Sales you need to know about in order to win at Christmas shopping

Despite research claiming that the average British household has saved more than £2,000 during lockdown, the impression I get is that while many people have reduced their outgoings, many have also suffered a brutal slash to their income. With that in mind, here are some dates for big Sales between now and the holidays, to help you win at Christmas shopping.

October 13-14th Amazon Prime Day: A good opportunity for prime members to take advantage of free and fast delivery while also enjoying good deals. The Amazon (NASDAQ:AMZN) sale start from the moment the October 13 begins, and will feature store-wide discounts, with early deals including the Amazon Alexa Dot dropping from £50 to £19, and the Echo Show dropping from £80 to £40.

October 31st Halloween scarily good deals: Both instore and online, Halloween is a promotion period, with deals available not just on costumes and decorations, but according to Money.co.uk, consumers could also enjoy up to 40% off RRP on appliances, homeware and jewellery.

November 27th-30th The Weekend of Mayhem: Although it’s the biggest sales weekend of the year, I’ve decided to lump Black Friday, Cyber Monday, and the lesser-known Small Business Saturday, under one banner – on account of the fact that these days being prime shopping time is hardly ground-breaking news. On Black Friday (which usually lasts for the whole weekend), shoppers can enjoy bargains on a range of goods, Cyber Monday offers a similar opportunity on online retail, and Small Business Saturday is a growing trend which encourages UK shoppers to support local businesses. The weekend sees retailers bring in introductory offers on their Christmas ranges, with electronics seeing some of the best discounts, at around 60% off RRPs.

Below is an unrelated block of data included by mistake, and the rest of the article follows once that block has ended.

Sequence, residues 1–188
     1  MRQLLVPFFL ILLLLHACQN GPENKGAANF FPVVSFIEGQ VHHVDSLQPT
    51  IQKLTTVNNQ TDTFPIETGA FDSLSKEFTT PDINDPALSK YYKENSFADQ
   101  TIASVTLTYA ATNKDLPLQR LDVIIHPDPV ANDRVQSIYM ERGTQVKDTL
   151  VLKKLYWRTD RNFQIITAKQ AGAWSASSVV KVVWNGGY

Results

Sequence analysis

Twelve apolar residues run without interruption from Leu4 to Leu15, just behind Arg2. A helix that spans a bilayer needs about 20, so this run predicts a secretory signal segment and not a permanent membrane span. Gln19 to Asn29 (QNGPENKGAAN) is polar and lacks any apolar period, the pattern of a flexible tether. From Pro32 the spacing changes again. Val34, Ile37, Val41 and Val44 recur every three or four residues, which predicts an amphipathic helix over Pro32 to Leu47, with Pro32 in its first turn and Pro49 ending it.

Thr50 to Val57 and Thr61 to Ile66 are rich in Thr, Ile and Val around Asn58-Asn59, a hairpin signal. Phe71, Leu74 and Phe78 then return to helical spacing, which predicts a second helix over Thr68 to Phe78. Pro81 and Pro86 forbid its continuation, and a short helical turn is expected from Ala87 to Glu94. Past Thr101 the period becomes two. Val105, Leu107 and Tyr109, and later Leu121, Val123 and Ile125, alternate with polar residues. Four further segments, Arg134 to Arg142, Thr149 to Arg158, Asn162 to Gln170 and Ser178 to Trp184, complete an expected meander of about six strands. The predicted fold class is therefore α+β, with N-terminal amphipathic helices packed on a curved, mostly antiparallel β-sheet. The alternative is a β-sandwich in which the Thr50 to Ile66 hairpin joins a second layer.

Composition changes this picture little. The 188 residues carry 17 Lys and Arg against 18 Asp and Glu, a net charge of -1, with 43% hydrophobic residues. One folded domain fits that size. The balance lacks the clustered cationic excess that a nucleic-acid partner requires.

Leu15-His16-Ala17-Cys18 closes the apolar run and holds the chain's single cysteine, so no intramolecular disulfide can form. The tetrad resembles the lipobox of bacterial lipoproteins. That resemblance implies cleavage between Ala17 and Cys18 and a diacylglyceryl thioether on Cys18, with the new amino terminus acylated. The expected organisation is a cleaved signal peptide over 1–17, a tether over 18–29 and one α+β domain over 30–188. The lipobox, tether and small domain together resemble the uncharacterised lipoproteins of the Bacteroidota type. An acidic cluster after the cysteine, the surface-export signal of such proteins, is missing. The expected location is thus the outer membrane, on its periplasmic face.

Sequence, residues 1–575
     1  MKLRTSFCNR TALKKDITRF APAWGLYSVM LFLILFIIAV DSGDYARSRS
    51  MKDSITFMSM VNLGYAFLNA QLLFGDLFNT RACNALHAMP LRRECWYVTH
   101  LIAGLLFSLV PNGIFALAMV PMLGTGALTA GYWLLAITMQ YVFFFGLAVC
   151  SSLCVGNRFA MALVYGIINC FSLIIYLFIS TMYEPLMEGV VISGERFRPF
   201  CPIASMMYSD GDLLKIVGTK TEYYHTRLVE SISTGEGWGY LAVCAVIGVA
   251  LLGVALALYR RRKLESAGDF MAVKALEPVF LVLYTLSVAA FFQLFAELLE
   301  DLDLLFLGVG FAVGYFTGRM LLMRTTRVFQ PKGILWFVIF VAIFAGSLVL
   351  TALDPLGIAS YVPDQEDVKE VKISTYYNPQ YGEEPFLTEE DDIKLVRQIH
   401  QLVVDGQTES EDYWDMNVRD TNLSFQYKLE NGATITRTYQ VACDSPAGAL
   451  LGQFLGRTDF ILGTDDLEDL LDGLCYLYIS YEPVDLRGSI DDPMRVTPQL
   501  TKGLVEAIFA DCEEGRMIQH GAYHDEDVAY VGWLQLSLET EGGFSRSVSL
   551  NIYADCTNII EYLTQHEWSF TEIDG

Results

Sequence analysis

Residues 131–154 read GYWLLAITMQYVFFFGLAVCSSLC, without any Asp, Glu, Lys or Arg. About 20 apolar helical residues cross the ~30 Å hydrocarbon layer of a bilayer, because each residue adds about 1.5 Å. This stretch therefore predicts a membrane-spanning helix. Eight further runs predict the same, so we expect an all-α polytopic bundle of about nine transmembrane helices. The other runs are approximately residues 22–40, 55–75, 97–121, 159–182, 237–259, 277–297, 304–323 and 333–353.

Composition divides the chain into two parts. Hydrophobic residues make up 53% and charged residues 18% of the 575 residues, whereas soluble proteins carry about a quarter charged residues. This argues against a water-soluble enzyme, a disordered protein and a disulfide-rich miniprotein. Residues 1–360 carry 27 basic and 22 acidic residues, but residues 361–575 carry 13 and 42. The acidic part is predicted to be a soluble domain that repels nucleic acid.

December 10th Hanukkah: The Jewish Festival of Lights lasts for more than eight days and is a traditional time of gift-giving. With this in mind – and likely enjoying another opportunity to stimulate retail activity – lots of companies line up bargains for the early-December holiday period, with savings potential reaching as much as 50% off RRP.

December 14th Green Monday: Centred around the panic buying by late shoppers, this USA trend has, like many sales traditions, been adopted in the UK, with deals on everything from fashion, to electronics and toys. Money.co.uk says that during this period, shoppers can expect Amazon and eBay to host sessions for discounted goods, with potential savings up to 50% off RRP.

These insights came from research carried out by Money.co.uk, who also stated that they expect Brits’ Christmas spend to be 25% higher this year, with 30% saying that lockdown had inspired them to splash out more on festivities, and more than a third saying they’d begun Christmas shopping by September.

Commenting on the research findings, Money.co.uk personal finance expert, Salman Haqqi, said: “Just 15% of Brits shop for Christmas presents year-round, according to our survey, but there are huge savings to be made as a result of sales and discount periods throughout the year for those who do.”

“The two-day shopping event from Amazon provides discount opportunities to take advantage of for shoppers who want to maximise their spending power.”

“Money.co.uk surveyed 2,000 shoppers across the UK in July this year to paint an accurate picture of the nation’s Christmas shopping habits. Highest on the agenda is spending to recover from a year blighted by the coronavirus lockdown, according to the data.”

“In 2019 the average amount spent on a Christmas present for mums was £63, according to the money.co.uk data. But in 2020, that figure is set to climb to £71. The same is true for dads – with 2019’s average present spend on fathers of £51 being trumped by 2020’s average of £63.”

“Even family pets are set to feel the extra warmth of a more expensive present this Christmas – with last year’s Christmas spend on pets presents rising from £27 to £31 in 2020.”

“The only exception, it seems, is the nation’s children. While 46% of the nation says that it intends to spend the most on its kids as usual this year – the actual spending value on presents for children looks set to reverse the trend by going downwards, from £129 in 2019 to £116 in 2020.”

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Jamie Gordon
Senior Journalist at the UK Investor Magazine. Also a contributing writer at the Investment Observer, UK Property Journal and UK Startup Magazine. Postgraduate of King's College London with a specialisation in Business Ethics. Interested in Development Economics and David Hume.